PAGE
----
End-user Service Composition (EUSC) is a relatively new field that aims to enable non-developers to create bespoke applications and services by coordinating multiple component services created by a range of different developers. One of the main challenges of EUSC is that it is an instance of an ill-structured problem: a problem with multiple solutions, multiple paths to those solutions, and no consensus as to which solution might be best [Jonassen, 1997]. We suggest that design spaces are an effective method for navigating ill-structured problems such as EUSC. Design spaces are multi-dimensional spaces where dimensions represent prospective design decisions, and points on those dimensions represent potential solutions to those decisions. The work in this thesis aims to explore how design spaces canbe used in design generation in software engineering, and in particular in the domain of EUSC.Building on the literature we identified three research goals: (i) to derive and evaluate a set of requirements for an EUSC application, (ii) to create and evaluate a concrete design space for EUSC applications, and (iii) to implement and evaluate a software tool to allow designers to create and interact with concrete design spaces. Whilst solving these goals, we contributed two large bodies of knowledge to the EUSC domain: a set of 139 requirements for an EUSC application, and a concrete design space for EUSC applications containing over 600 design elements. To derive the requirements, we created a bespoke method aimed at gathering requirements from end-users, based onestablished methods. To create the EUSC design space, we first clarified and extended the vocabulary of the domain, before specifying our own design space creation method where none existed previously. To allow designers to interact with design spaces, we developed a design space tool that supported the creation of design spaces, profiling applications in the domain, and the generation of new designs. Finally, we explored the use of the design spacein design generation, where novice designers were tasked with generating a design for an EUSC application. Our findings showed that increasing design space support resulted in designs that were more balanced, more concrete, more complex, and most intriguingly, less novel for the domain. We provide recommendations as to how designers can balance this trade off, and use design spaces to create EUSC applications as well as other instances ofill-structured problems.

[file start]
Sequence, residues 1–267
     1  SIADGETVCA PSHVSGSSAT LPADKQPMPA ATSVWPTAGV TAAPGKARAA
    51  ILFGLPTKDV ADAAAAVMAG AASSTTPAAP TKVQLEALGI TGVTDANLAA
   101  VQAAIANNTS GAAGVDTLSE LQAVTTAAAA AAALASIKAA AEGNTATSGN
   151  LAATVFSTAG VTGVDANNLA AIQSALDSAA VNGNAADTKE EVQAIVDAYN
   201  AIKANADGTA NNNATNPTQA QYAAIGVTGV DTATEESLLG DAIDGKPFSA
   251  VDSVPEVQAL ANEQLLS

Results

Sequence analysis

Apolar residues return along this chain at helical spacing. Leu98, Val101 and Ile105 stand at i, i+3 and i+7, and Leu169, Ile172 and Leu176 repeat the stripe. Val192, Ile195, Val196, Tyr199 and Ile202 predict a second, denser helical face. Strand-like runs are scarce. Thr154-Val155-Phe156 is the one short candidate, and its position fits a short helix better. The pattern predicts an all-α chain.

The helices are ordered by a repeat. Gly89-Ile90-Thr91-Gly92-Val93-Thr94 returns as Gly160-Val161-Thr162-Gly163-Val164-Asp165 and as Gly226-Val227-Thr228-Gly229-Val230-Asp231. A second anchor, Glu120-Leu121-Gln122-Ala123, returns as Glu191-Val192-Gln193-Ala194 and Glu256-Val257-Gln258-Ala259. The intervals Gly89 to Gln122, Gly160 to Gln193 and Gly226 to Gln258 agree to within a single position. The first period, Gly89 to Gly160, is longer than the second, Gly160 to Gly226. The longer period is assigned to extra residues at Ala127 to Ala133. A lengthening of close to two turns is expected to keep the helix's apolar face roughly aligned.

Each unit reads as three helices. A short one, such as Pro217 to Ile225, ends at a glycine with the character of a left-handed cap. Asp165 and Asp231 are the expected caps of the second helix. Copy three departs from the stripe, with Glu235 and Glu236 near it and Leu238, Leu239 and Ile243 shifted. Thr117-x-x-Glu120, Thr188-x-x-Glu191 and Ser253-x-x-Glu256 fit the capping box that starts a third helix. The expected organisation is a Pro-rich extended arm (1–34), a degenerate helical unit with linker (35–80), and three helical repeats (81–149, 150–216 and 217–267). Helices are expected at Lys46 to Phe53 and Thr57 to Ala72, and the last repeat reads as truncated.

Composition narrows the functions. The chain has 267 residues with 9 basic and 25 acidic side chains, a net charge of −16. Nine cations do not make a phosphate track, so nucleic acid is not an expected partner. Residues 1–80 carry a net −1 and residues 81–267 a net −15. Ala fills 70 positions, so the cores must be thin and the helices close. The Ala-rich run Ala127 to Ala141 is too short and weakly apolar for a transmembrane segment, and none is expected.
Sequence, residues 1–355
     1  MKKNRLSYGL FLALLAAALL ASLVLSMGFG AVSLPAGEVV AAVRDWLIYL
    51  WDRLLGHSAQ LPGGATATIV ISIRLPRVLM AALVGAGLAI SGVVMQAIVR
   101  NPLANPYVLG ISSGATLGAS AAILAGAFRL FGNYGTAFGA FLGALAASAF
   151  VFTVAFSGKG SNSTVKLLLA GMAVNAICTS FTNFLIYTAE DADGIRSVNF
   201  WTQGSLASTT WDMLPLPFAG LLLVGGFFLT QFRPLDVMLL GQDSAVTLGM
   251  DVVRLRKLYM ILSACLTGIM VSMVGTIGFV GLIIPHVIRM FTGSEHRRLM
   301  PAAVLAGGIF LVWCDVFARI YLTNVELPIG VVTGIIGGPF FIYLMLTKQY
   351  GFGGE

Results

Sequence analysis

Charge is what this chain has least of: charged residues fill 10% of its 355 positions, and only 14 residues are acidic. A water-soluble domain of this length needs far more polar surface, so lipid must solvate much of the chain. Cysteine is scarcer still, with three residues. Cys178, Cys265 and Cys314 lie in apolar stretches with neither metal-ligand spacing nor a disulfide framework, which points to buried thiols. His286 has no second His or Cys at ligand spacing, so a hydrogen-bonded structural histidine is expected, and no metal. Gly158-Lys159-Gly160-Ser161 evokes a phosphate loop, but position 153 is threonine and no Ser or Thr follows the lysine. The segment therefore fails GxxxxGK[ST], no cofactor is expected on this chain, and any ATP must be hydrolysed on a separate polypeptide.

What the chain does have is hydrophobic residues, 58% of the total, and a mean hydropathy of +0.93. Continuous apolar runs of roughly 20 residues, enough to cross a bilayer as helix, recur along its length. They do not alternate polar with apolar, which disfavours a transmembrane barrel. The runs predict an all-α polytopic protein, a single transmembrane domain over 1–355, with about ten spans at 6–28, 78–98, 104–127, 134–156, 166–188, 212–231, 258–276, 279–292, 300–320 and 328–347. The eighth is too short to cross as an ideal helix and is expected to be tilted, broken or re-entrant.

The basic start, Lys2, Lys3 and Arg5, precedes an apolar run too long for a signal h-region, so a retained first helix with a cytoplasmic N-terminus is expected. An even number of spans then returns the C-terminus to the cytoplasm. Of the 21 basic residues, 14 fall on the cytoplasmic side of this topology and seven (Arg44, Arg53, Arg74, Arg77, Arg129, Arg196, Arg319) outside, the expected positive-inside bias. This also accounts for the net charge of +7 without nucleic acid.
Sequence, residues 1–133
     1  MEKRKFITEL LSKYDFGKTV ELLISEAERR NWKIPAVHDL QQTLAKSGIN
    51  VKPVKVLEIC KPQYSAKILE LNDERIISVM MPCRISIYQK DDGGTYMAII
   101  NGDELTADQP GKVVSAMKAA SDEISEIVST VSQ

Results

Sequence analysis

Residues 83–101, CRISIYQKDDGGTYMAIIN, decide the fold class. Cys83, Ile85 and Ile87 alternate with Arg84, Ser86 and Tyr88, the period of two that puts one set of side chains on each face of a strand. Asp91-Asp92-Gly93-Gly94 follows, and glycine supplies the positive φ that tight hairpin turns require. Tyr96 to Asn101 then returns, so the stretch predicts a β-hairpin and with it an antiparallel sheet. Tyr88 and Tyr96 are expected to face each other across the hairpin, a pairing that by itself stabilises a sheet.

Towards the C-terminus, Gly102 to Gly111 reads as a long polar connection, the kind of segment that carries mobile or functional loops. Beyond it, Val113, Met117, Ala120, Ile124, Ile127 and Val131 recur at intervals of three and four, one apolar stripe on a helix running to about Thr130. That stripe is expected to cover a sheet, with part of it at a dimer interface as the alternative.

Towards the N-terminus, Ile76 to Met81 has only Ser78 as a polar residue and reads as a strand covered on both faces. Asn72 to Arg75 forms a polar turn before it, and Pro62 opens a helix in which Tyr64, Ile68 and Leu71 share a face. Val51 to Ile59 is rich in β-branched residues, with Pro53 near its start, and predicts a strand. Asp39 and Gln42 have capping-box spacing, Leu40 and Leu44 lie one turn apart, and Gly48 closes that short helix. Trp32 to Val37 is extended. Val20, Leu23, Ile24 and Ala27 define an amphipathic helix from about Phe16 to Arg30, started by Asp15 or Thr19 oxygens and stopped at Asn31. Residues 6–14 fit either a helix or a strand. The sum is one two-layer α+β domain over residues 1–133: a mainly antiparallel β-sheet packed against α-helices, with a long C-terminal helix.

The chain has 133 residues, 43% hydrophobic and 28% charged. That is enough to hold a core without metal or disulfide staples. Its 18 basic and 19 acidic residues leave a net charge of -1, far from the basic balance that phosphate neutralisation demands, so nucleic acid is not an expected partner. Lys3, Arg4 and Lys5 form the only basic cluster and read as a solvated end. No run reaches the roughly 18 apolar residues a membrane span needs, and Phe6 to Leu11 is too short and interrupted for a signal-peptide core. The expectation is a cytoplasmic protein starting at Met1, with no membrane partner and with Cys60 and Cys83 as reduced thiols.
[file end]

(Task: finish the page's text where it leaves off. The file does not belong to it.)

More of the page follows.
|Date of Award
|8 May 2015
|Eamonn O'Neill (Supervisor) & Peter Johnson (Supervisor)